If the sounds of dental drills bother you, you are not alone. Just about everyone recognizes the sound of a dentist’s drill, and it is a sound that strikes fear into many people’s hearts as it tends to be associated with an unpleasant experience. Most of us have also wondered
High speed dental drills have been in use since 1911, but it wasn’t until the fifties that the first really effective air turbine drill was invented. The use of compressed air allowed it to achieve an incredibly high rotational speed which was very good news for patients as it enabled dentists to drill teeth much more quickly, minimizing the time spent in the dental chair. Unfortunately compressed air is also responsible for causing that characteristic high pitched whine, and anything spinning at such a high speed also creates a large amount of heat, hence the need for those uncomfortable water spray and suction devices. So if this drill has been around since the fifties, then surely there is something a lot more modern on the horizon?
The answer is yes, as dental lasers look set to shape modern dentistry, and are thankfully completely quiet. Although they have been around since the nineties, and the technology is FDA approved, the American Dental Association has yet to give its seal of approval to any of the lasers currently in use. But increasing numbers of dentists are choosing to use lasers for certain procedures.
Lasers can be used to detect early mineral loss in teeth which is an indication that the area may be susceptible towards cavities. The sooner a cavity can be detected the sooner it can be filled, and the filling will be smaller preserving more of the natural tooth structure. Lasers can also be useful for removing small areas of decay, and patients frequently require little or even no local anesthetic. Lasers are useful in removing bacteria during root canal procedures, and can also be used to remove small portions of tissue for biopsy. The most common use for lasers in the dental office is during teeth whitening treatments as they can speed up the process by activating the peroxide with light energy.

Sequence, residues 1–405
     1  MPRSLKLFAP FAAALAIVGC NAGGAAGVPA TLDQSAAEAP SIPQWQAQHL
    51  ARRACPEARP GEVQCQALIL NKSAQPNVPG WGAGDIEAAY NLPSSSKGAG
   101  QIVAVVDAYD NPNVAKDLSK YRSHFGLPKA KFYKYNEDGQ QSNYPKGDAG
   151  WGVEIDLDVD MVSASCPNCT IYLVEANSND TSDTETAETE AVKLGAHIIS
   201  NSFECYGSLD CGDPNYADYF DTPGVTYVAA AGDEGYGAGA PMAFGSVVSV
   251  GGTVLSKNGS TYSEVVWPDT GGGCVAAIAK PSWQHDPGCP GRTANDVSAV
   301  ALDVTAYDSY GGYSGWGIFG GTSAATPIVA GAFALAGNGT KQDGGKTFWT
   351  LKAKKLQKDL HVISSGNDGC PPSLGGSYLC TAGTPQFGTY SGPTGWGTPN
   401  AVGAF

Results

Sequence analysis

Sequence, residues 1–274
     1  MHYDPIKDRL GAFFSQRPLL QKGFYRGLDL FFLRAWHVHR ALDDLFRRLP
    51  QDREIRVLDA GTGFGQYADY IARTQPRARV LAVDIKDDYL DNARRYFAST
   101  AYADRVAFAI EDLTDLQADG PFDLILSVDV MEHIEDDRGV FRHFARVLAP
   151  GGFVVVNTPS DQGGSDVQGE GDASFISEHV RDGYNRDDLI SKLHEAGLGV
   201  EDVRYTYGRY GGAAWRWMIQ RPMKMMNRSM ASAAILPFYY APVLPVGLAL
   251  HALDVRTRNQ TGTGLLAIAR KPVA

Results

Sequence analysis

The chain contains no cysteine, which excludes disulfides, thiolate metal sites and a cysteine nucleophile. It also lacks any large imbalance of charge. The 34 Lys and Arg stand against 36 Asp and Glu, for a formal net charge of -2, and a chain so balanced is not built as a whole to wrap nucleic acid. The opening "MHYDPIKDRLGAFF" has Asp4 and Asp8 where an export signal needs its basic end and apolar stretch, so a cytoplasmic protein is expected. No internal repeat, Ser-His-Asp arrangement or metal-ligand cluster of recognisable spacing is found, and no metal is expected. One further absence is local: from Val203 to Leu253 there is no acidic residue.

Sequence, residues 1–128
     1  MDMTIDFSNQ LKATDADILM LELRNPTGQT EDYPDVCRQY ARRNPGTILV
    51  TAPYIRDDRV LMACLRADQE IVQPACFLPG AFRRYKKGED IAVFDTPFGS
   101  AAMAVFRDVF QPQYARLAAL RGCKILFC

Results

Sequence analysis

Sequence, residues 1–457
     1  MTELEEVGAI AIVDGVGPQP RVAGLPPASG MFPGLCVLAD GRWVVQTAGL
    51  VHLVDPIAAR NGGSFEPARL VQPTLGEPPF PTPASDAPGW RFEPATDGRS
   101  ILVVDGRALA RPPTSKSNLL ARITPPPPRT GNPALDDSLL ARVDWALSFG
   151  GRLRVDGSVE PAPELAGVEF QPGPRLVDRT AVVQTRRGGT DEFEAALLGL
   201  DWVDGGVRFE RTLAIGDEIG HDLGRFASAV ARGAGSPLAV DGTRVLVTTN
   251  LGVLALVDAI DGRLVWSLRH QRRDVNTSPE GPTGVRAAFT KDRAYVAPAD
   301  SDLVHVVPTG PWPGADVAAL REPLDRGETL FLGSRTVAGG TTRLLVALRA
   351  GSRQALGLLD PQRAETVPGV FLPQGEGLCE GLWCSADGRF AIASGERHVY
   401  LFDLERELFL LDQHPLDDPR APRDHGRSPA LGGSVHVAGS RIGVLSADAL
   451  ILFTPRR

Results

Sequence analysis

Although lasers may sound miraculous they still have certain disadvantages as they can’t be used on teeth that are already filled, and they are unsuitable for preparing teeth for large fillings or crowns. Traditional drills are still better for shaping fillings and polishing them, and of course this type of technology is expensive. It is estimated only around 10% of dentists use lasers although there are no statistics. So if lasers can’t completely replace the dentist’s drill is there anything else which could?
There could be in the future, as a plasma brush is being developed which is able to remove decayed areas of tooth within a few short seconds. It uses chemical reactions to disinfect the cavity, and is able to create a much stronger chemical bond between the tooth and filling, so in future fillings could last longer. Studies have shown that the fillings could be as much as 60% stronger than conventional fillings. Clinical trials are just beginning, and if all goes well the plasma brush could be available towards the end of 2013. This is good news for fearful patients, and anyone who just hates that high pitched whine.